- Neurological disease in pregnancy - Introduction
- Disorders of muscle and neuromuscular transmission L Muscle disorders L Myotonic dystrophy L Myasthenia gravis
- Disorders of Nerves and Nerve Roots L Facial palsy L Mononeuropathies L Lumbosacral root and plexus problems L Generalized neuropathies
- Disorders of the central Nervous System L Headache L Tumours L Stroke L Epilepsy L Multiple sclerosis L Movement disorders
The incidence of facial nerve palsy (Bell’s palsy) is substantially increased during pregnancy and the puerperium (as Bell himself described). The reason for this is not known. There have been no studies of treatment in this specific context but it is reasonable to treat promptly with prednisolone, beginning at 40 mg daily and reducing over a 2-week course.
Carpal tunnel syndrome, due to compression of the median nerve in the wrist, is very common in pregnancy, characteristically causing pain and tingling in the hands at night and after use. Most cases can be managed with nocturnal wrist splints, although steroid injections into the carpal tunnel may tide the patient over into the puerperium, when symptoms usually remit.
Diuretics are of little value. Surgical decompression during pregnancy should be reserved for cases with severe pain, weakness, or wasting, when usually there have been symptoms either before pregnancy or early in the first trimester. In troublesome cases it is worth considering delayed surgery to prevent recurrence in subsequent pregnancies, which is common.
The lateral cutaneous nerve of the thigh can be compressed as it crosses the inguinal ligament. This is particularly common in the third trimester and causes tingling, hypersensitivity, or numbness in the midlateral thigh, which may be bilateral. Usually no treatment is required, but troublesome cases may respond to transcutaneous nerve stimulation or a local nerve block. Remission after delivery is the rule.
Lumbosacral root and plexus problems
Backache is very common in pregnancy, particularly in women with a past history of back pain or occupations that involve bending and lifting. It is traditionally blamed on changes in posture and hormonally mediated relaxation of spinal and sacroiliac joints. The pain is usually confined to the lumbar region but may radiate into the buttock or thigh. There may be tenderness over one or other sacroiliac joints. Radiological investigations are not needed if there are no abnormal neurological signs. Management is conservative.
Abrupt onset of pain that radiates below the knee with focal weakness, numbness, or reflex loss is most likely to be due to a prolapsed intervertebral disc. Provided that the signs are unilateral with no sphincter impairment, conservative management is again appropriate, with analgesia and advice to keep mobile. If this fails then magnetic resonance imaging is thought to be a safe method of investigation prior to consideration of lumbar microdiscectomy.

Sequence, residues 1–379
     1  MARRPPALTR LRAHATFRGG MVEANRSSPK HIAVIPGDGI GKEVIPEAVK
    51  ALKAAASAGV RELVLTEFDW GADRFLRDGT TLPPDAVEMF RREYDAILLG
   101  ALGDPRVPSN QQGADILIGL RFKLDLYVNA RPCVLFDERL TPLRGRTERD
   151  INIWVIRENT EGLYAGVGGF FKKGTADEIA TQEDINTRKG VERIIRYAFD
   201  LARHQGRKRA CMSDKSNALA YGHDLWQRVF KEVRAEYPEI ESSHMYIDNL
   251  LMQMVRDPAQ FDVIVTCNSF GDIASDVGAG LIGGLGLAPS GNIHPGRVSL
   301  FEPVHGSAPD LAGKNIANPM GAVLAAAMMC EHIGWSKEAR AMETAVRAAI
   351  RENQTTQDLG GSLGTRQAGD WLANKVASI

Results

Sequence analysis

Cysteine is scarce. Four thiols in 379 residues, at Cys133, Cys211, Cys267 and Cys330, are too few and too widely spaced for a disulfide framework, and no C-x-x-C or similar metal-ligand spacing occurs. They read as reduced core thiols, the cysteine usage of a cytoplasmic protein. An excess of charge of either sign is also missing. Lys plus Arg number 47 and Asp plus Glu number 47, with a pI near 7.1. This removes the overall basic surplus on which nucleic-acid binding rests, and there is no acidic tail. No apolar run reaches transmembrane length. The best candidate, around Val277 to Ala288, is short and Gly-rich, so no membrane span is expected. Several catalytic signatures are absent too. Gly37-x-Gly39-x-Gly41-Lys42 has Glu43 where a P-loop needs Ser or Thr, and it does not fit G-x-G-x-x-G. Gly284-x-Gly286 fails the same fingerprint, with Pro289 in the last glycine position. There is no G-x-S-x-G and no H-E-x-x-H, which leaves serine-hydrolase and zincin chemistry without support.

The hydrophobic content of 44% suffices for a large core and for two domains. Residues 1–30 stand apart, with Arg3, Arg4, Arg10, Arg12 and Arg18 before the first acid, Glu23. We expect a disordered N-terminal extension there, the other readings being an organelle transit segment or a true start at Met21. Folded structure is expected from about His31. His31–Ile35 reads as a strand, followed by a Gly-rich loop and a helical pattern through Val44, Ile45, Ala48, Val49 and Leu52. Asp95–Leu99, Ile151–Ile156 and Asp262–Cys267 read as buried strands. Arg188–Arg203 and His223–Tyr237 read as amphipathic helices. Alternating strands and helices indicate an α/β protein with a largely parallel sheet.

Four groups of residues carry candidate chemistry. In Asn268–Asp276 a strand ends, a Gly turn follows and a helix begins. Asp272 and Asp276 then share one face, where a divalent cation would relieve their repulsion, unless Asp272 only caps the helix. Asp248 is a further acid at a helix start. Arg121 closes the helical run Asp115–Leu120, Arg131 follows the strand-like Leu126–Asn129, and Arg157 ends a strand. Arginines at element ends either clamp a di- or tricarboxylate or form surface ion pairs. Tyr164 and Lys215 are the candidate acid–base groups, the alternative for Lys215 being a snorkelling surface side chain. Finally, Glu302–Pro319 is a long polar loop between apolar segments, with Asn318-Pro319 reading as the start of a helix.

Obstetric nerve palsies are becoming less common with improvements in obstetric care, but still occur in cases of prolonged or complicated labour (for example due to cephalopelvic disproportion, dystocia, and primiparity), in difficult forceps deliveries, and as a result of traction or haematoma formation in caesarean section. Damage to the common peroneal nerve from incorrectly positioned leg holders is now rare.
The baby may compress the lower parts of the lumbosacral plexus during labour. This will typically give rise to focal neurological deficits depending on which parts of the plexus have borne the brunt of the pressure. Most commonly there is a unilateral footdrop, which may only become apparent when the mother starts to mobilize. Examination also reveals sensory loss that characteristically involves the dorsolateral foot and leg, distinguishing plexus damage from a common peroneal palsy where the sensory loss is confined to the dorsum of the foot. Compression of the upper lumbosacral plexus leads to weakness of iliopsoas as well as the quadriceps muscles, which distinguishes it from more distal damage to the femoral nerve. Both may give rise to sensory loss in the anteromedial thigh and loss or depression of the knee jerk. In most cases the prognosis is good, with spontaneous recovery over a couple of months. Particular care must be taken in subsequent deliveries to avoid further damage to the same nerve, as recovery after repeated injury will tend to be less complete.
Long, complicated, or instrumental deliveries may also damage the obturator or pudendal nerves. Obturator neuropathy leads to weakness of hip adduction and rotation, together with some sensory loss in the upper medial thigh. Pudendal nerve damage may be initially asymptomatic but probably contributes to the subsequent development of perineal descent and stress incontinence.
Chronic inflammatory demyelinating polyradiculoneuropathy can present or relapse during pregnancy, and can be treated with corticosteroids or (if necessary) intravenous immunoglobulin. The incidence of acute Guillain Barre syndrome is increased in the puerperium and can be managed in the usual ways.
The combination of the nutritional demands of pregnancy and hyperemesis gravidarum can lead to thiamine deficiency. This most commonly causes a subacute sensory neuropathy, but cases of acute Wernicke’s encephalopathy (with any combination of altered consciousness, ataxia, and ophthalmoplegia, leading if untreated to death) have been described. Both conditions respond promptly to parenteral thiamine 100 mg daily.
Pregnancy can precipitate relapse in acute intermittent porphyria: abdominal pain typically precedes autonomic and sensory neuropathy, sometimes with seizures and psychiatric disturbance. Finally, lepromatous neuropathies may present or deteriorate during pregnancy, making careful clinical supervision advisable.
Revision date: July 6, 2011
Last revised: by Andrew G. Epstein, M.D.